We asked Boksner, about the legal pretexts of their dispute, and asked him for some biographical information since nothing appeared on the city attorney’s web pages. Smith replied for him, stating that, “Mr. Boksner will not provide you with legal advice or discuss legal theories. As a former State prosecutor and Police Legal Advisor, his biography and other personal information is exempt from public disclosure. And for your edification, special masters are neither judges nor magistrates. They only have the authority granted by Chapter 30 of the city code.”
The attorneys and judges were ganged up at opposite ends of the conference table at the legal oversight conference. The SunPosthad mentioned “bad blood” between the city attorney’s office and Judge Movahedi. It was indeed evident that both Movahedi’s and Boksner’s blood was at boiling point.
Laeser, a former prosecutor, maintained judicial decorum: he was quite reserved and reasonable, reining in Movahedi, who was girthed for battle. Kaplan was calm and remote except for shouting “liar” a couple of times―in response, the lawyers on the other end of the table threatened to produce transcripts.
The affair reminded me of the Hatfield and McCoy dispute over the ownership of a McCoy pig that had wandered onto Hatfield land, where the Hatfields laid claim to it. Of course the famous Hatfield and McCoy trial was really not about the pig, but was about the relative dignity and honor of the feuding families that wanted justice. They were divided by Big Fork, a tributary of the Big Sandy River.
The city attorneys and special masters were divided by the conference table instead of a creek, and they had more than one pre-textual pig. The pigs in the poke were named Statute of Limitations, Discovery, Ordering Inspections, and Equitable Estoppel.
Someone mentioned that a special master had ruled that the city should not be able to take current action on a violation that had occurred many years ago unless that violation put the public in danger.
Even worse, Judge Movahedi believed that due process should allow a defendant to discover whatever information the city might have that would help his case. But the law implementing the special master agency states that the Florida Rules of Civil Procedure governing discovery did not apply to it―yet the statute was silent on what sort of discovery could be ordered by the quasi-judicial agency. Assistant City Attorney Rhonda Montoya Hasan sympathized with the judge’s wish for adequate due process, but the means to it remained a point of contention.
He had “ordered” an inspection of structural damage to see if it endangered the public, when he should have merely “requested” it because he had no statutory authority to order a building inspector to do anything. Furthermore, there was another procedure for dealing with emergency situations. John Austin’s Lectures on Jurisprudence dispensed with the semantical difference long ago, with: “command is distinguished from other significations of desire, not by the in which the desire is signified, but bv the powerthe purpose of the party commanding to inflict an evil or pain in case the desire be disregarded. If you cannot or will not harm me in case I comply not with your wish, the expression of your wish is not a command, although you utter your wish in imperative phrase.”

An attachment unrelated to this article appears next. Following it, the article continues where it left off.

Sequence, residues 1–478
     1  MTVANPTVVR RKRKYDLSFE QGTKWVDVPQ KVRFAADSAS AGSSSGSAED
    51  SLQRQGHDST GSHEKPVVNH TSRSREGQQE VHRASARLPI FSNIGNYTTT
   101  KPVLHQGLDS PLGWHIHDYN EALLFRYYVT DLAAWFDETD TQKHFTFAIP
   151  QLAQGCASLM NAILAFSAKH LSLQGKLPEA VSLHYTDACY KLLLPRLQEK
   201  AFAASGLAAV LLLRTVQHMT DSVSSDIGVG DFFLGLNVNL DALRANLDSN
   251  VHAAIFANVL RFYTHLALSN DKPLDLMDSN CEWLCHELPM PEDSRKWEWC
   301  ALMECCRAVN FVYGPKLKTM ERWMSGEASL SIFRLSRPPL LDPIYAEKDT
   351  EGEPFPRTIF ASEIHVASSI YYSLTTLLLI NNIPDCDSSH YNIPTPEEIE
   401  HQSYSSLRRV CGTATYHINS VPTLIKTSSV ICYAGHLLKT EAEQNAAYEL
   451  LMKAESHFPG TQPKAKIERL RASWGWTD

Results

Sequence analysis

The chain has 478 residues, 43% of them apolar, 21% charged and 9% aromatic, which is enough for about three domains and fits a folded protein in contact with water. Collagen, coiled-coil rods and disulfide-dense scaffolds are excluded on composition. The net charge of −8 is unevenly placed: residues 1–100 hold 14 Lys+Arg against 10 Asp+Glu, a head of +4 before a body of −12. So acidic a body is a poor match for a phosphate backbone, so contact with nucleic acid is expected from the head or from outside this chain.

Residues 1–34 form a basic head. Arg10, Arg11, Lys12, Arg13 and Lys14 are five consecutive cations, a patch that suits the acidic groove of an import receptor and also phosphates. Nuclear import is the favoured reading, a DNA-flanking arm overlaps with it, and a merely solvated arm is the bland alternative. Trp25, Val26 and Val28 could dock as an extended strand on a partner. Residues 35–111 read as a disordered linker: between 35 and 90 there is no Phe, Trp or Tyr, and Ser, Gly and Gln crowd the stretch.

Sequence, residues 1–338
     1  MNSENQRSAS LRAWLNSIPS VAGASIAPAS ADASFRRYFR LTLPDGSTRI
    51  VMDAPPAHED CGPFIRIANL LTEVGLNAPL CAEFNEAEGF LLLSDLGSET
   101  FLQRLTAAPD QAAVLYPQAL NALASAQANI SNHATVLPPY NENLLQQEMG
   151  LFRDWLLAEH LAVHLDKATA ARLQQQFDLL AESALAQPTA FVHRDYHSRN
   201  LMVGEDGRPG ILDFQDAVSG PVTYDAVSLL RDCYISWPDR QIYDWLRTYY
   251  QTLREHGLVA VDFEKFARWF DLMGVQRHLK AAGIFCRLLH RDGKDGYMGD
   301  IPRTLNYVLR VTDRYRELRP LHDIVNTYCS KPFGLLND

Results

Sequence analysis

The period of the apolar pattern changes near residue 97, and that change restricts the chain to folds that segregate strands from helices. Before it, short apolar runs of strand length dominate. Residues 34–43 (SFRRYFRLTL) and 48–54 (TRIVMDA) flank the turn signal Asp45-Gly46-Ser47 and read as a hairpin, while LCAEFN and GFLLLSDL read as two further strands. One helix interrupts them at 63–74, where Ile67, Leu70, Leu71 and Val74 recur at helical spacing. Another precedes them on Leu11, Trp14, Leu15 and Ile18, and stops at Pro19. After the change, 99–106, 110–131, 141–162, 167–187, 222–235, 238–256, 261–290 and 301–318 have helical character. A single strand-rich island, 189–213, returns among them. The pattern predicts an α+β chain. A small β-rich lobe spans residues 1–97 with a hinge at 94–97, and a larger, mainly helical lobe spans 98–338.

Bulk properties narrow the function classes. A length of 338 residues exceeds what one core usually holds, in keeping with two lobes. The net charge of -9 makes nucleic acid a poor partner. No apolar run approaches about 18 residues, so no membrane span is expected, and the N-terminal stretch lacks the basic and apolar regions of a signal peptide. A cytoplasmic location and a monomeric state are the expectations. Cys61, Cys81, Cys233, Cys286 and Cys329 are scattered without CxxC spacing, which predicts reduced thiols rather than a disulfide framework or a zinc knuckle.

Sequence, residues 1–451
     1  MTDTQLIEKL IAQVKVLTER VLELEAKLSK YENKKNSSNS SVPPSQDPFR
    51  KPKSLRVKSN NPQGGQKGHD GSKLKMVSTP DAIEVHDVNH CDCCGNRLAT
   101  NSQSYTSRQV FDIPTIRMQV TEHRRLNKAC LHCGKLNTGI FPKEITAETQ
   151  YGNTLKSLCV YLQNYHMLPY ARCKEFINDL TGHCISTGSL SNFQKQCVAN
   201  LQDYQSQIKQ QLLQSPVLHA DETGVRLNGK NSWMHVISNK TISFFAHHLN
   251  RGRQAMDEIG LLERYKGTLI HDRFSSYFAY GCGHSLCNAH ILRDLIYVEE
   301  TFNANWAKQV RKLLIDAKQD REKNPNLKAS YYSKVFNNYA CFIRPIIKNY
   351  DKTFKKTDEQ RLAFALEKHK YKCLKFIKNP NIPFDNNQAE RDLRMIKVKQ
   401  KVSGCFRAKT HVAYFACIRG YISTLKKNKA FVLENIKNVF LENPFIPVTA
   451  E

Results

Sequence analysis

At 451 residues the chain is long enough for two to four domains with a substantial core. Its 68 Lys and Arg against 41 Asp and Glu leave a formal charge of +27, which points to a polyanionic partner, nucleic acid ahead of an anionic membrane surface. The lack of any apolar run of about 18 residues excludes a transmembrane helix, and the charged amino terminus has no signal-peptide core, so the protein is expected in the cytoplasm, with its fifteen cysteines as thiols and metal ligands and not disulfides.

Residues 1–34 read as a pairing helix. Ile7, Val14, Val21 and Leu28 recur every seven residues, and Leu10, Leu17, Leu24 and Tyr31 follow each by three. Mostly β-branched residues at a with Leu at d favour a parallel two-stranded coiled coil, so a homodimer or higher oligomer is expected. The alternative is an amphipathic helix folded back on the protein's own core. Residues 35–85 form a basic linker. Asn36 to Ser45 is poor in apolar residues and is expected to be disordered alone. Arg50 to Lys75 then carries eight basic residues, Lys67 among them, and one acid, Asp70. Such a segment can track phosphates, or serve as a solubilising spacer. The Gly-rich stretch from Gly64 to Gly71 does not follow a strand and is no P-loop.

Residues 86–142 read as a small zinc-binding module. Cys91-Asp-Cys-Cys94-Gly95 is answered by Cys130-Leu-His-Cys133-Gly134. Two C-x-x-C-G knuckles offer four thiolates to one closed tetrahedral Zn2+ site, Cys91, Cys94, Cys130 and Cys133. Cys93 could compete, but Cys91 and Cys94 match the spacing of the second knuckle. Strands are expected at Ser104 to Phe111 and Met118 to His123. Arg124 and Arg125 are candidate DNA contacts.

Equitable Estoppel was the fattest of all the rather bony pigs. A government can be stopped from penalizing someone who relies on its word or conduct that there would be no penalty in that situation. To do otherwise would be inequitable or unfair.
There are several received forms of equity. The classic example of the difference between law and equity was given by Blackstone: the law states that the last man on board a capsized vessel had salvage rights, but if the man was last because he was asleep in his bunk, he does not have those rights. There used to be separate equity courts, but now courts can consider equitable principles as well as the strict law. The city’s ‘Notice to Violators – Late Compliance’ instructions state that “Legal or Equitable reasons” may be presented in the Special Master court.
Judge Movahedi had a case before him involving the purchase of property with the understanding that the city had allowed or would allow parking on the property, but the city apparently did an about face after the property was purchased, and went after the new owner. Movahedi asked a city attorney for pertinent case law on the subject, was presented with same, and then stopped the city from making good on its claim.